For all of its smallness, the Poquito is a very handy pocket pen. Need to jot a quick note? You’re covered. The 0.7 mm D1 refill is quite nice— smooth and fairly solid. If you click on the photo below, you can see some white in the line, but it’s not very noticeable on the actual page. And let’s face it, you’re probably using this for notes and in quick bursts, not for extended writing. It’s pocketability is key.

Poquito D1 refill
The diminutive D1 refill

The stylus is a good one and has been coming in especially handy lately. Why? Well, because of the cold weather, I’m constantly slathering my hands with lotion, and lotion + iPhone/iPad screen is a messy combination. Using the stylus on the Poquito keeps my screens clean and smudge-free. I’ve also been cooking more lately (Thanksgiving!) and trying to answer texts and emails with messy hands is a pain. Again, the Poquito stylus to the rescue!

Poquito stylii

The stylus responds quite well with just a bit of pressure. In all honesty, it’s one of my favorites, and certainly the most portable. The writing tip deploys with a little twist of the pen body. It’s all very convenient.

Writing tips

As you can see from the above photo, the Poquito spends its days in my pocket (yes, that’s pocket lint), ready for action. It’s unobtrusive and a great EDC tool.

The Monteverde Poquito— a little pen that I like a lot.

P1030146

Local Fare: More Pens by Bob

Now that the holidays are approaching and we’re entering the hardcore craft show season, Fred and I are making the rounds of the area shows. A few weekends ago we stopped at a nearby firehouse in hopes that my favorite local pen people would be there— Bob and Virginia Lenhart of RJL Enterprises. You may recall that I happily stumbled upon Bob’s handmade pens back in April at the same firehouse. Those pens remain favorites—the magnetic caps are STILL fascinating to me—so I was hoping that they’d be there for the fall show. AND THEY WERE! (Were you in suspense?)

Magnetic pens
My April purchases

Why I didn’t take pictures of their table is beyond me. (Next time, I swear!) I guess I get so flustered by the pens! What’s cool is that Bob displays acrylic blanks next to some of his finished pens so that you really get to see how much the acrylic is transformed by the talents of the penmaker. While we were chatting, a woman stopped by the table and marveled at all of the choices and colors and styles. She ultimately walked away with a magnetic capped rollerball pen, much like the one I purchased last time. Good choice, wise lady!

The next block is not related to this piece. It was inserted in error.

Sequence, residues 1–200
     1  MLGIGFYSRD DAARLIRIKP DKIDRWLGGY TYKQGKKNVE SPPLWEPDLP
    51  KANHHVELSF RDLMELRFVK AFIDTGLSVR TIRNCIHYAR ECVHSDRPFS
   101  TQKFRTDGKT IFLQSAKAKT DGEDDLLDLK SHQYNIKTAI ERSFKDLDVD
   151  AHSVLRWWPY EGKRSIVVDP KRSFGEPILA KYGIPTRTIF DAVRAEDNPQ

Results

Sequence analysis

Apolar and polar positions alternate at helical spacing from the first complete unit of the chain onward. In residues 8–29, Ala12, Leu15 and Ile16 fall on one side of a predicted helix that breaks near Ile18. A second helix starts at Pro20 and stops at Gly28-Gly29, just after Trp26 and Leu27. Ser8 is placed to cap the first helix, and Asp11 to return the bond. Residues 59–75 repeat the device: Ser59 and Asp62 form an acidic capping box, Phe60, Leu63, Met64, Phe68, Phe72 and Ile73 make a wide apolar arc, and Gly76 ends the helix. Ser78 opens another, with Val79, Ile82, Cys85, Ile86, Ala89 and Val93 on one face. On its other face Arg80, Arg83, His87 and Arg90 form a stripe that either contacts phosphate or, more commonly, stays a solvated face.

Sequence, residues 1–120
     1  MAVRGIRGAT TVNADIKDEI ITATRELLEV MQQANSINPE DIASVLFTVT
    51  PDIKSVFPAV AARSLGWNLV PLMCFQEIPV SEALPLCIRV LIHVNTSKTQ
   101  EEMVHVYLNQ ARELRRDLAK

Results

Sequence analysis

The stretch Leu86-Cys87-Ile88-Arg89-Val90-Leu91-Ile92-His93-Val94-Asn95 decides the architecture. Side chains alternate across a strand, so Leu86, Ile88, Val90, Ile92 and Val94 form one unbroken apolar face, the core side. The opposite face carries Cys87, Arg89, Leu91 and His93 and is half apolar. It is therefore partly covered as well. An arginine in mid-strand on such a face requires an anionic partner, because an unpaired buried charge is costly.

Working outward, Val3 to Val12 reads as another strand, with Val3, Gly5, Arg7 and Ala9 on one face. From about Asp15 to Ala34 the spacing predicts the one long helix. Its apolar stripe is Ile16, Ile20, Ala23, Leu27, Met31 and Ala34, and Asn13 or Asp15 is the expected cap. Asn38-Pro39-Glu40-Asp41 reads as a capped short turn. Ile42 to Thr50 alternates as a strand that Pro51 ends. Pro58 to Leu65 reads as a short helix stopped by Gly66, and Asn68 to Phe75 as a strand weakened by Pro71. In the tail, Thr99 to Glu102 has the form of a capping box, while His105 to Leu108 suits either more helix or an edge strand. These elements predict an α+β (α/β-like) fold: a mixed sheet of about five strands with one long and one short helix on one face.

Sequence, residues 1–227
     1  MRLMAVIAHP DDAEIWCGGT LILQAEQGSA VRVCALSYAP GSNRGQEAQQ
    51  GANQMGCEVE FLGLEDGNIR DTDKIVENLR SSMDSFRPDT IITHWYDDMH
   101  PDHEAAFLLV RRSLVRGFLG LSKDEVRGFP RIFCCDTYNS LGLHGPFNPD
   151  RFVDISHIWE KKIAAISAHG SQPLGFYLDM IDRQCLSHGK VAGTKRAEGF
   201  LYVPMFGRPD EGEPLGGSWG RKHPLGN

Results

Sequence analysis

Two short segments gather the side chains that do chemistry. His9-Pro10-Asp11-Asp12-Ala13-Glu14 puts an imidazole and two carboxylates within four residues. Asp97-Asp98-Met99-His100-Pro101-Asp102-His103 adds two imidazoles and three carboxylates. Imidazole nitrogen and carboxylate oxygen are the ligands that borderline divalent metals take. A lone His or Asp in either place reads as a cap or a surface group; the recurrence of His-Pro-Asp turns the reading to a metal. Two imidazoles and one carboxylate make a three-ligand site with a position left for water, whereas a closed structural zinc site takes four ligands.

Even though I love the magnetic pens, I wanted to pick something different this time, so a pen decision had to be made. Trying to pick out one of Bob’s pens is like going to an animal shelter and trying to pick out ONE kitten. YOU JUST WANT TO TAKE THEM ALL HOME. They’re all so colorful and polished and obviously made with great care and  love. (The pens, I mean, not the kittens.) Did I want wood? Or a colorful acrylic? Something with a stylus? Ballpoint? Rollerball Fountain pen? Hmmmmmm.

What to choose. What to choose.

Honduran Mahogany pens

I eventually settled on a rollerball and fountain pen pair made from Honduran Mahogany. The pens are identical twins when capped, and are highly polished and coated so that they look and feel like fine furniture. SMOOTH.

Chrome accents

Honduran Mahogany Rollerball and Fountain Pen

Trimmed with chrome and black accents, the look is simple but eye-catching. The grooved grip area makes the section much grippier than a plain metal section, and the clip is great-looking and wonderfully springy. The rollerball takes a Schneider Topball 850, or a Staples brand Avant gel refill, while the fountain pen takes a standard cartridge or converter. Both write like champs. Bob obviously loves what he does, and wants to share his handiwork and love of pens, so his prices are more than fair. I paid $44.95 for this pair, which is a super deal.

Acrylic ballpoint

I also walked away with a gorgeous acrylic ballpoint that takes Parker-style refills and has been to and from work with me every day since. The acrylic is a summery swirl of yellow/orange and green and is a real mood booster. As the days get colder and darker, it’s nice to have some things that bring warmth and sunshine to mind, and this pen does just that. With a Private Reserve EasyFlow 9000 refill (my favorite—thanks, Mike Dudek) installed, it lays down a smooth dark line that’s pure ballpoint joy.

Shimmery acrylic
Shimmery acrylic— even better in person

We saw a lot of really cool crafts that day—from wooden jewelry boxes to soft fleece pillows to leather belts—but my heart will always go with the pen guy. Maybe that’s because Bob puts so much heart into his pens.